backward in time is, so far, complete fiction. But it's the backward travel that makes the best stories because it involves the whole idea of re-visiting and even changing history. As long as the writer keeps the time lines consistent and provides a scenario that, once you think it through, makes some sense, I consider it worth suspending questions regarding violation of the conservation laws of the universe and the proliferation of time lines. I'll have to do a broader treatment of time travel elsewhere. For now, I'd like to put in a word for the first great time travel story - The Time Machine.
I think we could say that the science fiction genre was born during the industrial revolution with the works of authors like Jules Verne and H.G. Wells. The Time Machine, written by Wells in 1895, was one of those first great works. The original work is not very lengthy and you can read it online here. It's original intent was to be a satire that made a statement about class disparity in society. Wells witnessed the exploitation of the workforce in the factories of the turn of the century tycoons of industry. But I think Wells also intended to experiment with ideas about time travel in general, which he did quite ingeniously in a time before the advent of Einstein's relativity. Except for the eventual return of the hero, all the travel in the book is toward the future, removing any of the problems mentioned above regarding changing history and such.
The Time Machine. Although it deviated quite far from the original work, and contained some cheesy Hollywood fare, on the whole it was a very good film, especially in the early set up. We're treated to initial explanations about time travel to a movie audience that was not accustomed to such ideas yet. The use of stop motion camera effects to speed up time throughout the film is still really great to watch even today. In order to give it some flare, the reflections of the traveller in the book are scrapped in favor of the beefed up action sequences in which the traveller must rescue his companion. Oh, and they gave him a name - H. George Wells!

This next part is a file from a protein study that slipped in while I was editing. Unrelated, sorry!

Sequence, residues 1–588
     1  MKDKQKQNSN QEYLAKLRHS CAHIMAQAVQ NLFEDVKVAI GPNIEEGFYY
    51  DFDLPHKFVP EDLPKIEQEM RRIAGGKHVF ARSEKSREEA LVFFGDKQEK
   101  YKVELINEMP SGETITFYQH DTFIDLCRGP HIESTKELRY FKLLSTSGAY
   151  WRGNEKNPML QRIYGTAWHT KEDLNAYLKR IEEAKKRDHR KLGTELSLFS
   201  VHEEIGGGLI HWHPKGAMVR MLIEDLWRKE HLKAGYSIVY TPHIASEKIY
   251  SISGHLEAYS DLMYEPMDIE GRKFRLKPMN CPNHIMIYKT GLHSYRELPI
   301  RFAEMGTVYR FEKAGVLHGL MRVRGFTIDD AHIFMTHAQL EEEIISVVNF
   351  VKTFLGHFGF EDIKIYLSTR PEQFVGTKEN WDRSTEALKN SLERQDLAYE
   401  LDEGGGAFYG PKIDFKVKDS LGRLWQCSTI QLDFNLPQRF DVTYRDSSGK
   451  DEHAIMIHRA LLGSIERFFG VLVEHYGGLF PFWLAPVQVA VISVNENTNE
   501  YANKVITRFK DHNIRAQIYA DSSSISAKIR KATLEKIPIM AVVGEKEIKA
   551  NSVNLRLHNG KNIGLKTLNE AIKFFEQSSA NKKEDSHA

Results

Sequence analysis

worth watching for most of the film.
The Time Machine, directed by H.G. Wells' own great grandson, Simon Wells. Although the basic elements are there, it's safe to say this is an entirely new movie. Rather than mere curiosity, the time traveller's motivation for his work is to change history by preventing his fiance's death. He actually succeeds in doing this by going back in time, but finds she ends up dying another way. He then wonders about the possibility of changing history at all and begins travelling into the future to find the answer. The Morlocks have been beefed up into pretty terrifying monster versions of future humanoids and the Eloi are no longer stupid. In the end, the traveller ends up staying in the future with Mara (the new Weena) after the machine is destroyed. It's disappointing, not just because of the re-write, but because the re-write is so bad.
One final point of interest is the different ways each rendition of the story explains how the traveller ends up 800,000 years in the future. In the book, there is no explanation except scientific curiosity - that's the only time period the traveller targets. In the 1960 version, the traveller encounters a nuclear war that destroys most of the earth, including covering him over with a lava formation. He has to go far enough into the future to allow the lava to erode away and see if anyone survived. In the 2002 version, on one stop along the way, the moon is blowing up because of nuclear detonations on its surface to make way for new real estate construction. The traveller gets knocked unconscious with the machine running while trying to escape and wakes up far into the future. As you can see, science fiction often engages in social commentary, so the message can be tailored to the issues of the day, whether it be class disparity, nuclear war, or suburban sprawl.
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